According to the standard definition, a dynamical system is a model of a real system that undergoes a time evolution from the initial moment to infinity. The cortex, strictly speaking, is not a dynamical system under this definition. However, many mental functions demonstrate dynamical features and can be described by appropriate dynamical models over finite intervals of time. Furthermore, the brain is somehow capable of coordinating the results of interrupted dynamical activities as a “sequence of sequences” (see also [88]). One can hypothesize that, in such cases, mental modes coordinate their activities in accordance with the universal principles that we have already discussed in this paper. To handle the uncertainty that is typical for the interrupted sequences one needs additional principles - presumably the minimum predictive error, the minimum information principle [89], or the free energy principle [90].


Authors are thankful to the four anonymous reviewers for their constructive comments, to Valentin Afraimovich for useful discussions on the stability of transients, and to Shawn Silverstein and David Fox for help editing of the manuscript.

Author Contributions

Conceived and designed the experiments: MIR. Performed the experiments: MKM. Analyzed the data: MIR MKM IS AB. Contributed reagents/materials/analysis tools: MIR IS. Wrote the paper: MIR MKM.


  1. 1. James W (1890) The principles of psychology. Henry Holt & Company.
  2. 2. Poincaré H (1905) The Value of Science. Eng. Trans. by G.B. Halstead, 1913. Reprinted, Dover 1958.
  3. 3. Yuste R, et al. (2005) The cortex as a central pattern generator. Nat Rev Neurosci 5: 477–483.
  4. 4. Reichle ME (2010) Two views of brain function. Trends in Cognitive Sciences 14: 180–188.
  5. 5. Lashley KS (1951) The problem of serial order in behavior. In: Jeffress LA, editor. Cerebral mechanisms in behavior (pp 112–131). New York: Wiley.
  6. 6. Port RF, van Gelder T (1995) Mind as motion: explorations in the dynamics of cognition description. Cambridge: MIT Press.
  7. 7. Schurger A, Pereira F, Treisman A, Cohen JD (2010) Reproducibility distinguishes conscious from nonconscious neural representations. Science 327: 97–99.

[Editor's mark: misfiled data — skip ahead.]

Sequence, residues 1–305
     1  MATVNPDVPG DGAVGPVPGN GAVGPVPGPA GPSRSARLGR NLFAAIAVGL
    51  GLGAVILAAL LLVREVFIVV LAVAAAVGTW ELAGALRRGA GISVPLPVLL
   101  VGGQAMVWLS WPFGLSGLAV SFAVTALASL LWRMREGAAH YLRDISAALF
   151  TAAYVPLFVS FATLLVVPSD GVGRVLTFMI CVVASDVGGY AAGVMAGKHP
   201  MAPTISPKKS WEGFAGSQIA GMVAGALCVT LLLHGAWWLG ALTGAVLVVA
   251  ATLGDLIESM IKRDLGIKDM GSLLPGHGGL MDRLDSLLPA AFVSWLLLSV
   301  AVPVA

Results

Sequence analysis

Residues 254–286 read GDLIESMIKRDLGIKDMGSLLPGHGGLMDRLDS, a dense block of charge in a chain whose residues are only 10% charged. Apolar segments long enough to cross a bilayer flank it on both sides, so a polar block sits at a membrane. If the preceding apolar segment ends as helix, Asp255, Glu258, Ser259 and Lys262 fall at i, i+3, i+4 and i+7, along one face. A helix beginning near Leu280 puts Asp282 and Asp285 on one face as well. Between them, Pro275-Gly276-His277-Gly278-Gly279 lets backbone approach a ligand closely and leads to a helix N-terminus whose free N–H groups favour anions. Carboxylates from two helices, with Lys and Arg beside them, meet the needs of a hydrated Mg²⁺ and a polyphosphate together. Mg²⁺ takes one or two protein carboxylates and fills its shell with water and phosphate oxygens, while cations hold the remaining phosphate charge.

8. 8. Temam R (1988) Infinite dimensional dynamical systems in mechanics and physics. Berlin: Springer.
  9. 9. Hopfield JJ (1982) Neural networks and physical systems with emergent collective computational abilities. Proc Natl Acad Sci U S A 79: 2554–2558.
  10. 10. Cohen MA, Grossberg S (1983) Absolute stability and global pattern formation and parallel memory storage by competitive neural networks. IEEE Trans Syst Man Cybern 13: 815–826.
  11. 11. Wills TJ, Lever C, Cacucci F, Burgess N, O'Keefe J (2005) Attractor dynamics in the hippocampal representation of the local environment. Science 308: 873.
  12. 12. Afraimovich V, Zhigulin V, Rabinovich M (2004) On the origin of reproducible sequential activity in neural circuits. Chaos 14: 1123–1129.
  13. 13. Abeles M, Bergman H, Gat I, Meilijson I, Seidemann , et al. (1995) Cortical activity flips among quasi-stationary states. Proc Nat Acad Sci U S A 92: 8616–8620.
  14. 14. Bressler SL, Kelso JAS (2001) Cortical coordination of dynamics and cognition. Trends in Cognitive Sciences 5: 26–36.
  15. 15. Oullier O, Kelso JAS (2006) Neuroeconomics and the metastable brain. Trends Cogn 10: 353–354.
  16. 16. Werner G (2007) Metastability, criticality and phase transitions in brain and its models. Biosystems 90: 496–508.
  17. 17. Friston KJ (1997) Transients, metastability, and neuronal dynamics. NeuroImage 5: 164–171.
  18. 18. Friston KJ (2000) The labile brain. I. neuronal transients and nonlinear coupling. Philos Trans R Soc Lond B Biol Sci 355: 215–236.